Getting up close with some fun feathered friends at the Tampa zoo.
A wild blue heron was sitting on a nest. I was checking to see if any babies were hatched yet in early April in the rookery at the alligator exhibit at the zoo but all of the moms were still sitting on eggs.
Willet, laughing gull, oystercatcher, young blue heron and cormorants can all be found along the water at Davis Islands, a small island next to downtown Tampa.
Loggerhead shrikes are most prevalent there. They were in the bushes next to the boat ramp, in the trees that lined the yacht basin and on the fence that lined the airport. The ones on the fence were a parent and young one that was still being feed.
Mangroves line the yacht basin and the sea grapes in were in full bloom.
At first glance, there aren’t a lot of birds at the south end of Davis Islands where the small private airport and yacht basin meet up. There are lots of bicycles, joggers, walkers, and dog walkers along the road, most are not paying attention to the birds. People look at me like “Why is that girl staring up in the tree?” When you look along the shore line and up in the trees you see lots of things.
The wild blue herons and tricolored herons were just starting to build their nests over the alligator exhibit.
A zoo resident stork was sitting on a nest. By nature, she’s covered in flies. When she moved, they would buzz around.
A resident flamingo splashing around.
Two “head banger” birds in the aviary.
Up close with manatees at the manatee hospital pool there. These are all injured manatees that are in rehab at the zoo. Most of them get released when they recover. (taken through the glass with my phone).
Late in the afternoon, all of the deer were napping deep in the woods. I could see a few of them from the boardwalk but they were trying to hide.
A little blue heron walking around near the boardwalk.
A lone ring neck duck in one of the smaller ponds.
I was looking around the boardwalk for gators and saw the above instead.
Furry faces in the trees.
The cypress trees are starting to turn.
A hawk on the way home.
I stopped by the horse farm on the way home to see if the eagles were back. They abandoned the nest in the old tree last year and did not have babies. Some say the old dead tree was rotting and about to fall over and that’s why they left. Most think it was due to new houses that were going up around the horse farm. The farm was surrounded by trees and last winter a developer came in and wiped out all of the tree and started a new neighborhood. I didn’t expect to find them and was thinking they were gone forever. As I was driving out a different way, I saw the above on a utility tower. There’s an old osprey nest in the tower. Only time will tell if they take over the osprey nest and have babies here. It’s sad to think they are out of that great tree but at least they would still be having families.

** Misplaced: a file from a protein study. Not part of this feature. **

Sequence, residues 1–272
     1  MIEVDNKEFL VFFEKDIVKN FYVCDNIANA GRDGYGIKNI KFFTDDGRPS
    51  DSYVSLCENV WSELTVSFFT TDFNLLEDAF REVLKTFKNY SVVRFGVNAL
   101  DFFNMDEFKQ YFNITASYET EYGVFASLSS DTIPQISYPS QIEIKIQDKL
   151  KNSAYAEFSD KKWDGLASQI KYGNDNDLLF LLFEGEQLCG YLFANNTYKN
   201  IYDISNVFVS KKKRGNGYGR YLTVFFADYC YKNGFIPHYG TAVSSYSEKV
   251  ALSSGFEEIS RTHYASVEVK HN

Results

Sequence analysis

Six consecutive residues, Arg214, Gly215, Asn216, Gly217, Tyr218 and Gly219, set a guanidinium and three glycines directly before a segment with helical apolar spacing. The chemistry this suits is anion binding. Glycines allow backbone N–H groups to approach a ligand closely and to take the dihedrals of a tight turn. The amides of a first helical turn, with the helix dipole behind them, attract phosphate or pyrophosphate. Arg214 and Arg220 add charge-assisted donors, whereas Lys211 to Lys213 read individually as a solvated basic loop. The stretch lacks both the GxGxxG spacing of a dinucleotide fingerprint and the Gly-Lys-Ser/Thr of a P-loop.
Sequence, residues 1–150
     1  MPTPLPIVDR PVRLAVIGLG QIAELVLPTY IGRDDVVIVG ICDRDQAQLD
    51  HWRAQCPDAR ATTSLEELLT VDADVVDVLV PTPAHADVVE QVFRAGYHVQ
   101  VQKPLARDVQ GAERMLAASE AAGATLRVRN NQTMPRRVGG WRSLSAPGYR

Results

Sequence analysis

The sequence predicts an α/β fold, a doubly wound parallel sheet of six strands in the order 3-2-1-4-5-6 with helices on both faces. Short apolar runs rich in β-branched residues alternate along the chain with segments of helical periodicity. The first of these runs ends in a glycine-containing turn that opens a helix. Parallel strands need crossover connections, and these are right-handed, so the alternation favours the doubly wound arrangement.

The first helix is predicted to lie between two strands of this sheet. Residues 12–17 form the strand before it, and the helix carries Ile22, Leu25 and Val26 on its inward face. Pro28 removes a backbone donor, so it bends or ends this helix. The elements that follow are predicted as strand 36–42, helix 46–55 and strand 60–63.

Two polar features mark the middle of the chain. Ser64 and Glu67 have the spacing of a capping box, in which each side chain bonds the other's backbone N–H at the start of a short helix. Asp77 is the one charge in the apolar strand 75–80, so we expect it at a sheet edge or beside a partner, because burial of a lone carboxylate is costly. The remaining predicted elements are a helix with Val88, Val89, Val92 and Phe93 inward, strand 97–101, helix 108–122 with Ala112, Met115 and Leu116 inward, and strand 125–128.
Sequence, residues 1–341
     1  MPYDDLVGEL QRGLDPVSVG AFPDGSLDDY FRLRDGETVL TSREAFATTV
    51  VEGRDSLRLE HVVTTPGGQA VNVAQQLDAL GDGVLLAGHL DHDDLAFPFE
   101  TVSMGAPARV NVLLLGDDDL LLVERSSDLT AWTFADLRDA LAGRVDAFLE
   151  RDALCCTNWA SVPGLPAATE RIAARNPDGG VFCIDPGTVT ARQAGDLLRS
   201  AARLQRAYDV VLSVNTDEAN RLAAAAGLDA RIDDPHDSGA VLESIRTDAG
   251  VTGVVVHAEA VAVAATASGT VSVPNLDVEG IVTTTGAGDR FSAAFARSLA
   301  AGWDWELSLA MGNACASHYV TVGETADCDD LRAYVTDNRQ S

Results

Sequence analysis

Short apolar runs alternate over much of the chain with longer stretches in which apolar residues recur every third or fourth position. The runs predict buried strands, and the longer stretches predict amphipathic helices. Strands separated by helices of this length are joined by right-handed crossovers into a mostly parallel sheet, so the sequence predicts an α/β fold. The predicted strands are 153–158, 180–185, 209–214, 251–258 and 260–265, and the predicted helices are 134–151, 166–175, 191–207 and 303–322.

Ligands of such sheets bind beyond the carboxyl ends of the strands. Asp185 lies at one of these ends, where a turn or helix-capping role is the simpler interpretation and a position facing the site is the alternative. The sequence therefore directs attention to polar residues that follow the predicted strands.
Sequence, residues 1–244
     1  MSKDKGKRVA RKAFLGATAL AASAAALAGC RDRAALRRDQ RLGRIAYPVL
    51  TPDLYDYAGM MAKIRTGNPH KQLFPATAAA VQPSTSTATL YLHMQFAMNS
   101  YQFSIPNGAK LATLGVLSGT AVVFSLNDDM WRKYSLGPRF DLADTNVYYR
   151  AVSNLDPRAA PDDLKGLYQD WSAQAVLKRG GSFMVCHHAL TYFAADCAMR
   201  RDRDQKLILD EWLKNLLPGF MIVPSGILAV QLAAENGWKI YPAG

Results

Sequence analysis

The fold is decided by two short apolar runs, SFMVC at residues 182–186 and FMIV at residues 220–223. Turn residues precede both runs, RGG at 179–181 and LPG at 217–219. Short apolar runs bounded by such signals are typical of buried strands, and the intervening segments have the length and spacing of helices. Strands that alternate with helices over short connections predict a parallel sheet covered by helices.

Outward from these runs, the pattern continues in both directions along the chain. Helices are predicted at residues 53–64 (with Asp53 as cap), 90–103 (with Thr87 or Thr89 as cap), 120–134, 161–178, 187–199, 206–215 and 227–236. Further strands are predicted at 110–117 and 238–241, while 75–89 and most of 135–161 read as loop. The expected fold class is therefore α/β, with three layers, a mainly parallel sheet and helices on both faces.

In the morning, I saw this great blue heron on my neighbor’s dock.
Later in the afternoon, he was sleeping on our dock.
Every once in a while he would look around. I call him Mr. Grumpy Face.
Back to sleep.
The neighborhood osprey was back again with lots of annoying visitors.
A ring billed gull sat across the boat lift from the osprey. Watching his every bite.
That’s a big fish. I don’t know why he wouldn’t share.
Then a kingfisher landed on the same side.
The kingfisher took off after a few minutes when he realized the osprey wasn’t giving up his lunch.
Then a few minutes later, a little blue heron starts to bother him.
Not in my backyard but in my in-laws front yard. A screech owl has been sleeping in the roof overhang on the corner of their house. He’s there sporadically. I finally put my camera and long lens in the car on Christmas day and was able to get the above when we pulled into the driveway. I think we’re going to have to name him.
All of the above except for the last picture were taken through the bedroom window during Christmas week.